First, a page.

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wingman

Question on studying in China over the summer at BLCU or BFSU

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wingman

I'd really appreciate it if I got some advice as I have not found any information on these forums pertaining to my particular situation.

I am a freshman in college. I am currently in my second semester of Mandarin, ever. I've never been to China. I would like to do something Chinese related this summer, but the Harvard and Princeton programs are too expensive for me. I was looking at applying to BLCU or BFSU, but I don't know if it is recommended for a person with my level of Chinese. Which school would be better for what I want to do? Which school is better overall in the sense of being foreigner-friendly? WIll I enjoy my time in China and at the same time practice and improve my Chinese during one of their summer short-terms?

If you do recommend either of the two schools for my situation, what other suggestions and tips to you have?

Thanks

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xiaotao

Our local city college has a Chinese department and they have a yearly educational fun trips to China every summer (19 days). When I went years ago, it used to be quite affordable. Maybe a junior college near you might have a program like this.

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wingman

I appreciate the response but I do not wish to go to China just for fun. I want to have some sort of language education component. I have looked at programs at other schools other than Princeton or Harvard which are the expensive ones, but most have deadlines that have already passed or they cost close to what Harvard or Princeton programs cost.

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chrix

I keep hearing a lot of good things about the summer programme at Middlebury...

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wingman

I've considered Middlebury because I too have heard great things about the program, but with the $9.5k cost of the Chinese program makes it very unattractive.

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chrix

My personal opinion is that going to China after two semesters is premature, and a summer term will be too short for that. You will speak a lot of English in everyday life, even if you manage to avoid your fellow Westerners. (This is where Middlebury is different as they force everyone from all language levels to speak the target language, punishing violators by sending them home, OTOH in China many Chinese will be eager to speak English with you).

But doubtless it would be a great cultural experience, I'm sure...

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Daan

I think BLCU would be the more foreigner-friendly of the two. As chrix said, you are likely to end up speaking more English than you imagined, simply because you probably don't have the vocabulary needed to express yourself clearly in all situations. But it would be a great experience, certainly, and it's a lot cheaper than a summer programme in the United States.

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Lu

I agree with Daan.

It is a bit premature to go now, and you would likely speak more English than is ideal, but you would also probably learn a lot of Chinese that you otherwise wouldn't have learned (or at least not this summer), experience living in a foreign country, and have a great time.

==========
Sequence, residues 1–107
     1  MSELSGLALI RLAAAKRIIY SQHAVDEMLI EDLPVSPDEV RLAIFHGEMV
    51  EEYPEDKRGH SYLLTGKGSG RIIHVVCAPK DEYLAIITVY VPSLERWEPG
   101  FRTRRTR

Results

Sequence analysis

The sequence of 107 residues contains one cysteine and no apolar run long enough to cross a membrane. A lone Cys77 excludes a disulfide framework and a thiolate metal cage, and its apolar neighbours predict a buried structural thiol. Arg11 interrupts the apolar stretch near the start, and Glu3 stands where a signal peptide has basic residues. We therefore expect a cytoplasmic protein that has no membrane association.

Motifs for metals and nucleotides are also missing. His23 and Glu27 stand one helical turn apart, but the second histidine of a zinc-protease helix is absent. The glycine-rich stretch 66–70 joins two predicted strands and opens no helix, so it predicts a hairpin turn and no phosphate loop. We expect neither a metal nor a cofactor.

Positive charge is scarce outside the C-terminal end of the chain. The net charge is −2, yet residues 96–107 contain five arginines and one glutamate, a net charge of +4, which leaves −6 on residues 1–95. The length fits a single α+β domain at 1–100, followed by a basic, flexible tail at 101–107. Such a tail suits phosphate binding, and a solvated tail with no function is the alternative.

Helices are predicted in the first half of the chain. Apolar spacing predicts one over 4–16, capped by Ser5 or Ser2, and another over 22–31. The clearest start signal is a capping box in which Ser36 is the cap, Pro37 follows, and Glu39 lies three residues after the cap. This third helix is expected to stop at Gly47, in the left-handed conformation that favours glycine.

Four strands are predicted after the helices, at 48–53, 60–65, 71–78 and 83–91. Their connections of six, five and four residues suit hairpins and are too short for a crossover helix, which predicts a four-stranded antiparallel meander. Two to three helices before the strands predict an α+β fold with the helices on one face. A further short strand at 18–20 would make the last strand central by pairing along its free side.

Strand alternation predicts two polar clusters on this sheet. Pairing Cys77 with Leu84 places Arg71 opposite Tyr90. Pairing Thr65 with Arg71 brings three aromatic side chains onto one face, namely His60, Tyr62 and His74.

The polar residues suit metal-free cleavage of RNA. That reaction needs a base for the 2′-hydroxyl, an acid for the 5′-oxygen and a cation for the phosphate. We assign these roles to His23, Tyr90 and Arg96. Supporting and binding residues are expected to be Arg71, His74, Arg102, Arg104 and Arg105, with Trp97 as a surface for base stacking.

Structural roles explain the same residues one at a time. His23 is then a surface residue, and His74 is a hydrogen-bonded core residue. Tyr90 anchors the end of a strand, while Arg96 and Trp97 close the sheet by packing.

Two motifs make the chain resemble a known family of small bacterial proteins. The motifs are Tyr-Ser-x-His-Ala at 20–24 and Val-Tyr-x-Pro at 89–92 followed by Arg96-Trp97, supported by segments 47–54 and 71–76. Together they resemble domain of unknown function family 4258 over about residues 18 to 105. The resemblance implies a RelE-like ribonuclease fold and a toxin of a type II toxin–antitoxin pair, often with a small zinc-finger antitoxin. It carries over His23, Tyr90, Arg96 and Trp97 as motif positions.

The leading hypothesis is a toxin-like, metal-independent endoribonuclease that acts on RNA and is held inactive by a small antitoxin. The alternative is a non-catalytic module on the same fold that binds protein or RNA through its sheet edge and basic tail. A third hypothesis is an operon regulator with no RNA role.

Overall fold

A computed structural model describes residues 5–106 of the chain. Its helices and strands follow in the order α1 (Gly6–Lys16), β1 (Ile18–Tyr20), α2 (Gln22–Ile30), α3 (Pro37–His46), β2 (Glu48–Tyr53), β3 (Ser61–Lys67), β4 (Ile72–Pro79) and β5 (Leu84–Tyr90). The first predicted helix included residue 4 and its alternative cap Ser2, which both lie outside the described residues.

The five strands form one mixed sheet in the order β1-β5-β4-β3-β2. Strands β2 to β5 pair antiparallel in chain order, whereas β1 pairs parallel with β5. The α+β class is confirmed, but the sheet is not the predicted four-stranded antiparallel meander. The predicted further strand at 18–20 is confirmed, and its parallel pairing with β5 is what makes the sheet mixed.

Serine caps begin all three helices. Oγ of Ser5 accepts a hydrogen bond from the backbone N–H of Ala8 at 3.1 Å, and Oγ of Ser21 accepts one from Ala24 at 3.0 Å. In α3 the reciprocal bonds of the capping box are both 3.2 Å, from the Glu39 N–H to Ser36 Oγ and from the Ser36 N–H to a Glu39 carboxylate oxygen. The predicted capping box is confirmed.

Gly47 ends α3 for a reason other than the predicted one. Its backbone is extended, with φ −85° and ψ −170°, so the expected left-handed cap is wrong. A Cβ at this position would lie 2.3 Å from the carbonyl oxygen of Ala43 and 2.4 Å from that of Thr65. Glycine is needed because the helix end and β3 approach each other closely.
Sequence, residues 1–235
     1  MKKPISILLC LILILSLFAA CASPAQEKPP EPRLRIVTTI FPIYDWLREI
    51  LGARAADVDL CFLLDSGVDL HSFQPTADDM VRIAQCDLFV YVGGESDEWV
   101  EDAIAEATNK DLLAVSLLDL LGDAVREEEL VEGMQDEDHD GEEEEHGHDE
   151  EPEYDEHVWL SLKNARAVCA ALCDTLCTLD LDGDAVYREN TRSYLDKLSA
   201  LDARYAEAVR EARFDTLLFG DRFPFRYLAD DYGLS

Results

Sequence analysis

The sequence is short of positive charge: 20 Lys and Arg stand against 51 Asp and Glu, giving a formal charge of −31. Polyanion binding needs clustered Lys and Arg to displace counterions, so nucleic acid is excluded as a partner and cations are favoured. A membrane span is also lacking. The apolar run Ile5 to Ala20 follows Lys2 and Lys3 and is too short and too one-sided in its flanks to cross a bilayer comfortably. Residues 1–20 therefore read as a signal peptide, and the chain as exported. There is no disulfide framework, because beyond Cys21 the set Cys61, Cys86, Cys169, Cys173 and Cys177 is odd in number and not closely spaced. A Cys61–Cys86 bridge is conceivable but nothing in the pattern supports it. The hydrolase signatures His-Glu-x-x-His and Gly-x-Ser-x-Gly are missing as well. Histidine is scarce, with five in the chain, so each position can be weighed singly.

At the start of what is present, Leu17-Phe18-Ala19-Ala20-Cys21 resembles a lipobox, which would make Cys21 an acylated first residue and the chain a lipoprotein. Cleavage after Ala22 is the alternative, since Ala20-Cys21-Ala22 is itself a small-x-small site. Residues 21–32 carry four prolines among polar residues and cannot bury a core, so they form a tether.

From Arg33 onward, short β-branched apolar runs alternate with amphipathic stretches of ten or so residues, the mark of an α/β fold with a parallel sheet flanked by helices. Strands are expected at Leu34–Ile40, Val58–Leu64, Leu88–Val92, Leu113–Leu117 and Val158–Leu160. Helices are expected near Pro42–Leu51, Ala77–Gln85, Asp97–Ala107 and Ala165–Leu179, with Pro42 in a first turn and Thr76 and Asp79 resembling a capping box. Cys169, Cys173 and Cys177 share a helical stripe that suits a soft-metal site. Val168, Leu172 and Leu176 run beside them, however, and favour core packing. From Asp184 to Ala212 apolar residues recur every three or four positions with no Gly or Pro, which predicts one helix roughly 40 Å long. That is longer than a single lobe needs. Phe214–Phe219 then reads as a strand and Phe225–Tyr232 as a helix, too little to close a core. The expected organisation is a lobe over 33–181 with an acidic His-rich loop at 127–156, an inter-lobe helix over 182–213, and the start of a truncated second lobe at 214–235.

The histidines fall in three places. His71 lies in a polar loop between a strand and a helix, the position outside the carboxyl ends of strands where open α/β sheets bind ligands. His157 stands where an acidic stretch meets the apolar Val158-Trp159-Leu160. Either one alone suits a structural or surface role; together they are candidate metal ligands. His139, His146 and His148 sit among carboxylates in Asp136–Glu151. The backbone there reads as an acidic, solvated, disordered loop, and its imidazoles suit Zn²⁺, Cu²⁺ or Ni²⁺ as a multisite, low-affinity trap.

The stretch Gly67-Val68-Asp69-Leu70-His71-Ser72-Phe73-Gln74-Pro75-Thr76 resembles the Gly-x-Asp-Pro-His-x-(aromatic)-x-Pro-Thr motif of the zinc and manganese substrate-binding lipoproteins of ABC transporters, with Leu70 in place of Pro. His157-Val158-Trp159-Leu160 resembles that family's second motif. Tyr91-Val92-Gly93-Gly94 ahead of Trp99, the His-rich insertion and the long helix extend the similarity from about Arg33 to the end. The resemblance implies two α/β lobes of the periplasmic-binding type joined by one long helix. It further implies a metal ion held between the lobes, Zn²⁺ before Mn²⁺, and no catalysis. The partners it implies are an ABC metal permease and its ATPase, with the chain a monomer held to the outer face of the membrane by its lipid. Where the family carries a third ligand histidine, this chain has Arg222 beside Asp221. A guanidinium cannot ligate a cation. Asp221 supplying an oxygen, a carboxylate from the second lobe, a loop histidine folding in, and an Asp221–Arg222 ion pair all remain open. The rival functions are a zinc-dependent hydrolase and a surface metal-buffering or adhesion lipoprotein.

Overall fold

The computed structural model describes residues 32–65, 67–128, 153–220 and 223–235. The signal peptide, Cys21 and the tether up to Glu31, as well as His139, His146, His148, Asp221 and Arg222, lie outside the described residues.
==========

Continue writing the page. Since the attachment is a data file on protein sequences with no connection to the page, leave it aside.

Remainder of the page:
BLCU is very foreigner-friendly, and offers courses on many levels, from absolute beginner to somewhat more advanced, so I'm sure they have something for you. I don't know much about BFSU, but I think they have a Chinese-for-foreigners program as well, which would mean they're foreigner-friendly and have something on your level. You might want to search for information on the forums.

You could also consider NTNU in Taiwan. Its Mandarin Training Center offers classes on all levels, on various subjects. There are many foreigners from all corners of the world there. Classmates of mine in university went there for a summer course after their first year, they had a great experience and it improved their Chinese quite a bit.

Good luck, and have fun!

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pancake

wingman: I can recommend these guys: these guys. Since they are based in Harbin, I think you will find it entirely possible not to speak English at all while you are here. Most locals don't speak any, and when people see me they assume I'm Russian, and therefore not English practice fodder.

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Meng Lelan

I don't think Middlebury or some US based summer program is a great idea. I tried that 15 years ago at Indiana University because I couldn't go to China that summer so I enrolled in the summer Chinese institute. I hated it because it was such an artificial environment and dropped out after two weeks. You're still getting snacks and drinks in English at the local gas station, you're still going to get laundry tokens from English speaking dorm front desk, etc. Go to China for a summer and make yourself make it as Chinese immersion as possible.

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abcdefg

I studied at the same school in Harbin which Pancake referred to in the Summer of 2008 and was well satisfied. Harbin gave me a totally Chinese immersion environment. Never used English in daily life.

Don't worry overly much about finding the perfect program and arranging every detail in advance as that's nearly impossible to do. A certain amount of "winging it" is going to be required.

Bottom line answer to the original poster: Go to China and do something there. Even if you don't hit the nail right on the head, you will have a memorable and enriching experience.

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